Life Cycle of a Claim for Breach of Contract - Article One - Pre Action

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11 March, 2024

Grace Henley
Trainee Solicitor Apprentice

Contracts are the foundation of all business transactions. They formulate agreements with customers, suppliers, and other third parties. Ideally, a contract would be properly drafted and will clearly identify the terms and what is expected from each party, for the contract to be performed. Many contracts in business are vague and, in some instances, agreements are not written down. Inevitably when in business there will be contract disputes, particularly with regard to alleged breach of contracts. You may well be contemplating bringing court proceedings because of this breach of contract.

In advance of issuing a claim, there are certain steps parties must take that are known as "Pre-Action Steps".

Pre Action Steps

Step One - Client objectives

It is of key importance to identify your ultimate objective and what you are seeking to achieve both legally and commercially. Do you want or need a swift conclusion to matter over the highest possible financial return? Is the dispute damaging your business? Is it important to resolve the dispute in a way you can still maintain a business relationship with the other side? Your objectives will inform the advice given to you.

Step Two - Prospective parties

It is vital to ensure you know who the potential parties to a claim are. Businesses can be complex with various subsidiaries. A claim can default further down the line if you engage with the wrong subsidiary of a business. Additionally, it is important to investigate the viability of the business you are considering suing, i.e., do they have any money?

Step Three - Evidence

The burden of proof is on the claimant, which means if you are issuing a claim you will need to prove your case. You will need to collate evidence. Examples of key evidence would be, ideally, a written contract to view. A contract however can be established without an expressly written contract, through email correspondence, invoices, and purchase orders, and simply the exchange of goods and money.

Step Four - Limitation

In a breach of contract, the claim is only actionable if the breach has occurred within the last 6 years. However, some contracts may include terms which reduce the limitation period.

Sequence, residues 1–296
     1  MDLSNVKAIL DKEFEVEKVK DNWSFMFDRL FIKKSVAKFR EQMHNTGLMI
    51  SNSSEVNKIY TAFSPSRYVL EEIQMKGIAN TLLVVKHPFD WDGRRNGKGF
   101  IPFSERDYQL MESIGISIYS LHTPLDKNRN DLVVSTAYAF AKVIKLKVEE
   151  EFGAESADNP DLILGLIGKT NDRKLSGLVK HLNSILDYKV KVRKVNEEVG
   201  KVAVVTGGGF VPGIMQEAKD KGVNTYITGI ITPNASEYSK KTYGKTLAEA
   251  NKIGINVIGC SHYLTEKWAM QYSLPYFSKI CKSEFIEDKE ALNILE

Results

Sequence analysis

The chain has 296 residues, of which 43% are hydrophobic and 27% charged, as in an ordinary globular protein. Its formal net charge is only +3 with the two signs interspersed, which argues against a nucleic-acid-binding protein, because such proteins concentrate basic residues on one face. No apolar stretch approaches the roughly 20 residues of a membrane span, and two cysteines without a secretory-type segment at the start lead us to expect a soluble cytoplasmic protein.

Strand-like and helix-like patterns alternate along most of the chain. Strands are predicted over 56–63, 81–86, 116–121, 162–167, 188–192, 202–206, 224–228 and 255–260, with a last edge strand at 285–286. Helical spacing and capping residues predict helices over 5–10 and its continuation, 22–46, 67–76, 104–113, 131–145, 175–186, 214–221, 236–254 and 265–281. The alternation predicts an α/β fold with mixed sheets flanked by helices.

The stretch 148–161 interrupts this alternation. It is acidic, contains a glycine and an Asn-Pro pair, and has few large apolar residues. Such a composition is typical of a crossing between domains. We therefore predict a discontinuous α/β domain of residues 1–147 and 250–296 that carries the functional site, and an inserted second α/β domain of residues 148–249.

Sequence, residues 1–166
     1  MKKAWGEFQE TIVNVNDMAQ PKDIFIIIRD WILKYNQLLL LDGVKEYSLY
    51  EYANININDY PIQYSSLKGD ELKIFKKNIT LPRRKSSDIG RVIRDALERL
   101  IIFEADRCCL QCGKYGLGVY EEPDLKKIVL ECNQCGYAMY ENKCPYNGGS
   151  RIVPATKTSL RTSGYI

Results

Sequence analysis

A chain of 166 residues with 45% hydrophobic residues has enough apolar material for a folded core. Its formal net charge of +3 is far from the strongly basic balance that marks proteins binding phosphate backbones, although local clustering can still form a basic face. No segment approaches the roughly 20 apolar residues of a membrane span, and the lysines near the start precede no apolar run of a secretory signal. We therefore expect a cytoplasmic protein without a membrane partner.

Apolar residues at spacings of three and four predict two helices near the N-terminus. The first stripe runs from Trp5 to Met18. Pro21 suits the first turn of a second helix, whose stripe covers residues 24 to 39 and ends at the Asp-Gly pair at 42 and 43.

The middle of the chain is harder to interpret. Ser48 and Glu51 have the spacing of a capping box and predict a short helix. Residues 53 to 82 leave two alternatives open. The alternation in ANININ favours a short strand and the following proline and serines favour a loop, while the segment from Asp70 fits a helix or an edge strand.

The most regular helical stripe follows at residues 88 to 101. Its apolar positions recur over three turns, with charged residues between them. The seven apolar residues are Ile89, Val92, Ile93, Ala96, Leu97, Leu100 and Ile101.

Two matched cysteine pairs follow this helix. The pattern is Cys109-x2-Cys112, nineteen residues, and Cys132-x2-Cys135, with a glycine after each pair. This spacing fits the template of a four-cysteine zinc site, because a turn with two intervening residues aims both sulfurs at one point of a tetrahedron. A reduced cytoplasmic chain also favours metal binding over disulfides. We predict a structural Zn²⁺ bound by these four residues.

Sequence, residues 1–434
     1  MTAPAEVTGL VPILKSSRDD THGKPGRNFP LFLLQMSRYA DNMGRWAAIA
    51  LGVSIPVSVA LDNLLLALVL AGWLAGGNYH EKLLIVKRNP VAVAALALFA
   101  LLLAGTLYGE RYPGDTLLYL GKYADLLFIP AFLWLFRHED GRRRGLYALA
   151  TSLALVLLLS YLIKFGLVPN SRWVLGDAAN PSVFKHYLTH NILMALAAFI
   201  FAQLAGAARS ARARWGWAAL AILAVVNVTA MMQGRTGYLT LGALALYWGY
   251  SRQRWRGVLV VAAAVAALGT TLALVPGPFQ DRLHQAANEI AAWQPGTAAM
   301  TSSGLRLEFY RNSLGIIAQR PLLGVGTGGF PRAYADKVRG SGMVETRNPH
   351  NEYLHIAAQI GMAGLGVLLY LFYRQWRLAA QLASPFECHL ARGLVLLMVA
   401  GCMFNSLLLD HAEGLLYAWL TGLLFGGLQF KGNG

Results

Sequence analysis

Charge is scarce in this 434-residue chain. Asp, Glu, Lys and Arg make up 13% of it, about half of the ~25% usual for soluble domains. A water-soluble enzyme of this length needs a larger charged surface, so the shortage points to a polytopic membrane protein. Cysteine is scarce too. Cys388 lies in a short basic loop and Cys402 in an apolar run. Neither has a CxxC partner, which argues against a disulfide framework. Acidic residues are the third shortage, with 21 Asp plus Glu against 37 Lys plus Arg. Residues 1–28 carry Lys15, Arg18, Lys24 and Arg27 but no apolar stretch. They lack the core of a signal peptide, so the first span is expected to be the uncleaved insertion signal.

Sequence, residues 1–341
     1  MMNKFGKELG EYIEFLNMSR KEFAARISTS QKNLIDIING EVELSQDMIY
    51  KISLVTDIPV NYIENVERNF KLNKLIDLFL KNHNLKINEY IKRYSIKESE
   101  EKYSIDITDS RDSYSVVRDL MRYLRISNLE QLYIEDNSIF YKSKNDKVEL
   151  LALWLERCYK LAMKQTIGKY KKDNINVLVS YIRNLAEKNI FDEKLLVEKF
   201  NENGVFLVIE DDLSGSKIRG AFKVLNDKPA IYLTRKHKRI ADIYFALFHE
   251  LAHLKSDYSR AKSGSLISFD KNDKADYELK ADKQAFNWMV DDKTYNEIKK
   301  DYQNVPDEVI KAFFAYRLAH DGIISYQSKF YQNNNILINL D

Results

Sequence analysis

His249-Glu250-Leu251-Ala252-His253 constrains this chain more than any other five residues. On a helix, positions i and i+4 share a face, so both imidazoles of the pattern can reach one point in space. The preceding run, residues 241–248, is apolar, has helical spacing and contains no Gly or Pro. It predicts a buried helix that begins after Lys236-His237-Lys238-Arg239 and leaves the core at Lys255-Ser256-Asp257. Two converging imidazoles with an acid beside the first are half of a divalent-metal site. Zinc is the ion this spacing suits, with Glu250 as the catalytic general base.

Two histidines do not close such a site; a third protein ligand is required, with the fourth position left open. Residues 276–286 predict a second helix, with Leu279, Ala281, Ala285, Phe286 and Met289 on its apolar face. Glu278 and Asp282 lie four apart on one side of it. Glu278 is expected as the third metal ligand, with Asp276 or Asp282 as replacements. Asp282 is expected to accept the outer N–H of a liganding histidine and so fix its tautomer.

Step Five - Costs

At Forbes we are transparent with clients about costs that may be incurred and what is required to move forward in a commercially viable way. The value of the claim will affect the recoverability of costs at trial, and so in some instances it is not commercially viable to pursue a claim through the courts as the costs with exceed the amount recoverable. If a claim is not commercially viable in the courts, there are still legal tactics that can be used to recover losses.

Step Six - Dispute Resolution

A client should not always launch into litigation, which should be considered as last resort. There a various way of resolving a dispute without entering litigation. This could be negotiations between both parties' solicitors, mediation, or adjudication.

Step Seven - Pre Action Protocol

There are certain protocols which govern what steps parties must take before issuing a claim with the courts. The protocols are in place to allow the parties to establish the issues that are in dispute, share information that is available regarding those issues, and endeavour to resolve the matter without issuing proceedings. For a breach of contract, a Letter of Claim will be sent, which includes the background of the matter, details of the agreement, the breach of the express and implied terms of the contract, the losses, and proposed resolution. A well drafted Letter of Claim will let the other side know that you are serious and ready to issue proceedings. You must allow the other side time to respond to the letter and the letter of response should address the issues in dispute, and then state whether liability is admitted or denied.

Step Nine - issue proceedings.

If you have not managed to settle the dispute and you have established and/or exhausted all the previous steps, the next step would be to issue proceedings. Without prejudice negotiations and other alternative dispute resolution can continue throughout the litigation process to settle the matter before it reaches Trial.

Contact us

If you are contemplating bringing forward legal proceedings in relation to a breach of contract, or if you believe a party may potentially bring proceedings against you, it is imperative you seek legal advice at the Pre-Action stage.

For more information contact Stephen McArdle in our Commercial Litigation department via email or phone on 0333 207 1142. Alternatively send any question through to Forbes Solicitors via our online Contact Form.

Learn more about our Commercial Litigation department here

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